A guy like Bryan Mitchell has been all Upside and very little results, and has much less of a frame, and didn’t even get off to teh start Cote has, as Cotes dominated GCL and Mitchell just did “ok”.. I think Cote projects to the ML”s better because of his frame and seemless transiton from HS to the pro’s, albeit just about the lowest level.. At some point, i think Bryan Mitchell is gonna have to start putting up results, to desrve his ranking, and as of right now, a guy like Cote has more to offer, untill Mitchell starts prooving diffrently..

    • Ted Nelson says:

      Mitchell is putting up 9.5 K/9 in full season ball at 20. And it’s in keeping with 2 seasons before it. He’s struggling with consistency, but if he weren’t I have to imagine he’d be ranked a whole lot higher given his stuff… Like top 5-10. If he were consistent he’d be ridiculous, a bunch of his starts have been dominant.

      I like Cote and am thrilled at his start, but it’s 30 IP. Mike specifically says he can zoom up the rankings, but let’s see him earn it first.

      I don’t think frame has much room in the discussion personally.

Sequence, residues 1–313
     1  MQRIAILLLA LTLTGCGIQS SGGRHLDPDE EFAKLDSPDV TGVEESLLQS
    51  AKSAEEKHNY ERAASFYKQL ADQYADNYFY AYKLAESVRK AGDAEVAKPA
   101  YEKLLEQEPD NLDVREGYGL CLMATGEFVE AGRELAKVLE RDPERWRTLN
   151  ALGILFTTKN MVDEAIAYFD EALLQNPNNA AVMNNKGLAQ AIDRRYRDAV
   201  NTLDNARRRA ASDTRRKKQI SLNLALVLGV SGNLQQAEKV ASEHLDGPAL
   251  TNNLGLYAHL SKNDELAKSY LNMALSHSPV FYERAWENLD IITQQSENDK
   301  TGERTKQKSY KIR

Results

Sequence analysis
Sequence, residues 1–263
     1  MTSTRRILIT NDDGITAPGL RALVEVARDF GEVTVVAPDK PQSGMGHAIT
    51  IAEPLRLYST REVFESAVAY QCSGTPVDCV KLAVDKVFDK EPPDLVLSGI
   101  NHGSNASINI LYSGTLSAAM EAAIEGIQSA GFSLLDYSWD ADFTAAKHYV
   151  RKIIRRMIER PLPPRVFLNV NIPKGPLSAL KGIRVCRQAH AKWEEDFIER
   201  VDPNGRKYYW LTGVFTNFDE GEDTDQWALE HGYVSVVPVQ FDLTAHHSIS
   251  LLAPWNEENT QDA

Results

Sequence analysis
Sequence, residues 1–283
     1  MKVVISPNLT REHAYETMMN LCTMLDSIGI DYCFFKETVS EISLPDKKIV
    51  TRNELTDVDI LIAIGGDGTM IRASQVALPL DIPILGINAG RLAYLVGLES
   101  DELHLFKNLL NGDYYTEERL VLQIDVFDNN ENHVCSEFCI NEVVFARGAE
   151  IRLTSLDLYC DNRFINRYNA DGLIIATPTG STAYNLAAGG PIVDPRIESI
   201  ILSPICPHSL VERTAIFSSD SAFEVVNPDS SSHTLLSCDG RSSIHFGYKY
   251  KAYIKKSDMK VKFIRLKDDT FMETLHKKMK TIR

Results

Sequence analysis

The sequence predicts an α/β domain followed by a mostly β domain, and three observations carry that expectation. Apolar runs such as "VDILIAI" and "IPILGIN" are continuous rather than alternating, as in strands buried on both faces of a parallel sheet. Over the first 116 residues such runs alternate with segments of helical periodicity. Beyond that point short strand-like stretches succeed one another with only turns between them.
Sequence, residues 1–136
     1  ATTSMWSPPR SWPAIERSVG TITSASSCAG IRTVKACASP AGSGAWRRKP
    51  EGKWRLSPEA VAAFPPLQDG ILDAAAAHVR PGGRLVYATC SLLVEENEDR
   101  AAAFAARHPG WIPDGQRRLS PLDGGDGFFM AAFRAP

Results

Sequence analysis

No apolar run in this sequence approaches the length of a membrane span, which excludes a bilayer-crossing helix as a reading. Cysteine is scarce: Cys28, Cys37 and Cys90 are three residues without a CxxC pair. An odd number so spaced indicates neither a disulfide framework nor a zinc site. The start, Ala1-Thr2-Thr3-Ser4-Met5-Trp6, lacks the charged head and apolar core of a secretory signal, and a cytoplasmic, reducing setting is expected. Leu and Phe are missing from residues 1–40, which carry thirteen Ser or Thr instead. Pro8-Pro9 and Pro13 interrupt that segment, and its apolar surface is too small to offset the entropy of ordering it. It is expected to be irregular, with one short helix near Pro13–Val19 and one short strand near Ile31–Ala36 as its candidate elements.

• NYCSPORTZFAN says:

        Oh, i’m not saying Cote should be 15th on the prospect list.. But ur talking about earning things, and guys like Dante Bichette, who was only picked up a rd or so before cote, is ahead of Ramon Flores.. Has Bichett earned that with his play in low A chaleston? No way! So, it has to be his play in GCL.. Also, has Austin Aune earned anything yet? Most of this list is guys who haven’t earned things yet, and were pickedin the range of Jordan Cote.. Also, Cote has dominated in the GCL, which isn’t much, but much more then Bryan Mitchell has..

        Cote also has alot of projectiablity in his frame, which certainly means something, as it could add to his fastball, the bigger and stronger he gets..

        • Ted Nelson says:

          I largely disagree with the whole frame thing. It’s a general trend, but there are so many exceptions that I don’t see it as particularly useful.

          Mitchell already has a good FB and one of the best breaking Ps in the system. He’s just not consistent.

          It’s not my list. I think that right now it’s fine to have Mitchell ahead of Cote, though. Bichette also crushed the GCL a year before Cote is, and he was then skipped a level. He’s stumbled, but if he were in EXST then SI this season… he might be crushing it. Or he might be just as bad. Who knows?